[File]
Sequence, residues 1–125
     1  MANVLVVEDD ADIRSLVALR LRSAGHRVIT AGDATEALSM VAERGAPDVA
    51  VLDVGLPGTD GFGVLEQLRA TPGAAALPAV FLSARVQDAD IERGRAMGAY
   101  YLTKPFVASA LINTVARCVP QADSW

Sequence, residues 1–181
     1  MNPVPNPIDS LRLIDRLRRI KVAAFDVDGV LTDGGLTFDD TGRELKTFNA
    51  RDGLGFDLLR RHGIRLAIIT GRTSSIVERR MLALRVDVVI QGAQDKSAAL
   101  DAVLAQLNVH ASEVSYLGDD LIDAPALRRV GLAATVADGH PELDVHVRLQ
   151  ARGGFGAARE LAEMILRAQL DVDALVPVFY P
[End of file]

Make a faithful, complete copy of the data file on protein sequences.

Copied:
Sequence, residues 1–125
     1  MANVLVVEDD ADIRSLVALR LRSAGHRVIT AGDATEALSM VAERGAPDVA
    51  VLDVGLPGTD GFGVLEQLRA TPGAAALPAV FLSARVQDAD IERGRAMGAY
   101  YLTKPFVASA LINTVARCVP QADSW

Sequence, residues 1–181
     1  MNPVPNPIDS LRLIDRLRRI KVAAFDVDGV LTDGGLTFDD TGRELKTFNA
    51  RDGLGFDLLR RHGIRLAIIT GRTSSIVERR MLALRVDVVI QGAQDKSAAL
   101  DAVLAQLNVH ASEVSYLGDD LIDAPALRRV GLAATVADGH PELDVHVRLQ
   151  ARGGFGAARE LAEMILRAQL DVDALVPVFY P